Floods, earthquakes, tornados, snowstorms . . . wherever you live, there likely exists the potential for a variety of natural disasters that can create an emergency situation. When you're caring for a loved one, it's times like these that you'll be thankful for having prepared for such a situation.
As you face aging and the need to make plans for your future, you face having to make decisions about many aspects of your lives. These legal and health care decisions not only protect you from others making decisions for your care that you do not want, they also protect family and loved ones by giving them guidance in the care that you would like to receive. After completing all the legal paperwork, the next step is to sit down and talk to family about the decisions you have made and why.
Tips to help caregivers move or transfer a loved one with mobility limitations
Learn proper body mechanics. Ask for a Physical Therapy referral from your physician to teach you how to use your body so you don’t get hurt.
Save your back. If you feel a strain, get help; don’t do it alone. This is for your safety and the safety of the person you are trying to move. If you hurt your back, you aren’t going to be able to care for someone else.
Avoid food fights. Make mealtime as pleasant as possible. Encourage someone to eat but don’t demand, cajole or threaten.
Someone with dementia may not know what he/she wants to eat. If giving choices, give only two things to choose between. Even if a choice is made, the person may not want it when it is presented. Don’t take it personally. If you know his/her favorite foods, have them available for back up. Favorite foods might change.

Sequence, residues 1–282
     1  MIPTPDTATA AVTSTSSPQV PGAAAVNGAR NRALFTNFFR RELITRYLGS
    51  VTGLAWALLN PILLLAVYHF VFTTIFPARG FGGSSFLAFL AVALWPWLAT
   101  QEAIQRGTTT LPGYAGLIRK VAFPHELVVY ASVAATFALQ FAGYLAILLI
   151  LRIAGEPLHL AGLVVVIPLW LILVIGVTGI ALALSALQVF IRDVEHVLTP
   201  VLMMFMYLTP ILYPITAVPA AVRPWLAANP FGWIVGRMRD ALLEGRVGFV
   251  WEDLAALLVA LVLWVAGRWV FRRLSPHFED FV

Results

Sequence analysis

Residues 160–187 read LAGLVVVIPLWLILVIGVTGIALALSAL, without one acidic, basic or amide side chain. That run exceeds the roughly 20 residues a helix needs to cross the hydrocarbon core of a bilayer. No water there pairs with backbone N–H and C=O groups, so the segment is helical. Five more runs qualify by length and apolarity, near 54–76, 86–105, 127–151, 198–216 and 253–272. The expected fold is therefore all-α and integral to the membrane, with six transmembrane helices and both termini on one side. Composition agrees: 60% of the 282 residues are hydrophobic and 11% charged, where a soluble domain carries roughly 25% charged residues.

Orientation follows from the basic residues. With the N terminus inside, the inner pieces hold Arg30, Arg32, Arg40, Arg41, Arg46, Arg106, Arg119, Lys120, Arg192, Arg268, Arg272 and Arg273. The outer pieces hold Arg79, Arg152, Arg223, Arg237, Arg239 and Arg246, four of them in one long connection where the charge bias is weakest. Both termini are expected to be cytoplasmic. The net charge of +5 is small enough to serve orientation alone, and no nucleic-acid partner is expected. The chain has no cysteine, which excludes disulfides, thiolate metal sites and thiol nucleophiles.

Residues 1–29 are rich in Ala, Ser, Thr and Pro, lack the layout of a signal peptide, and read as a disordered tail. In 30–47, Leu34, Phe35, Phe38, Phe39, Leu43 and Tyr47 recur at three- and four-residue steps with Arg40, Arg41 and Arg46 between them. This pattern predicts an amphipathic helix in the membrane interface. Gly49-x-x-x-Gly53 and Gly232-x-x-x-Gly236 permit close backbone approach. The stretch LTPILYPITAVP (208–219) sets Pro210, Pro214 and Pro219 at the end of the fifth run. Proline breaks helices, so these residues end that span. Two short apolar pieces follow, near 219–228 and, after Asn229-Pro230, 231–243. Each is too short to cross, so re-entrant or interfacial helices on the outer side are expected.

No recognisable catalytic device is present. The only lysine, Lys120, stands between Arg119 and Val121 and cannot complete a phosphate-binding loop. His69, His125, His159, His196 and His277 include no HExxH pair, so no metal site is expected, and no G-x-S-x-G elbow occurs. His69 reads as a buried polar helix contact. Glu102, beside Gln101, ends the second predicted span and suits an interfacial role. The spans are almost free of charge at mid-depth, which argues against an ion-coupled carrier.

Moving is a high-stress life event, the experts tell us, and they're right. Whether it's cross-town or cross-country, whether to a small apartment or a large suburban home, tackling the organizing, packing, discarding, cleaning, paperwork and the myriad other tasks is a major challenge.
When you're older and moving from the family home to a new smaller residence, possibly in a new community or your adult child's home, sorting through decades of family history and possessions can feel overwhelming—even paralyzing.
Set up the bathroom to make it as easy as possible for the person to get on to and off of the toilet, e.g. having a raised toilet seat and grab bars.
Notice when the person gives a sign about needing to use the toilet, e.g. agitation, fidgeting, tugging on clothing, wandering, touching the genital area. Have a routine and take the person to the bathroom on a regular schedule, e.g. every two hours. You may have to respond quickly if someone indicates they need to use the bathroom.
Talk to the physician to see if medication, enlarged prostate or a urinary tract infection might be causing the problem, especially if there is a sudden onset of incontinence.
Investigate various incontinence supplies. There are many kinds of pads and underwear. Each person will have different needs and different products will work best for each one. A pad inside pull up underwear will provide increased absorption. Do not call them adult diapers, but rather protective underwear.
Simplify clothing choices by putting out an outfit for the care receiver to wear, or give an option of two outfits. Do not ask open-ended questions like, "What do you want to wear?"—this kind of question can overwhelm someone with dementia.
One of the hardest things about life is recognizing its various parts. I mean, we never really notice pregnant women until our wife becomes one, or the plight of the handicapped until we break an ankle or leg, and crutches help us see more clearly.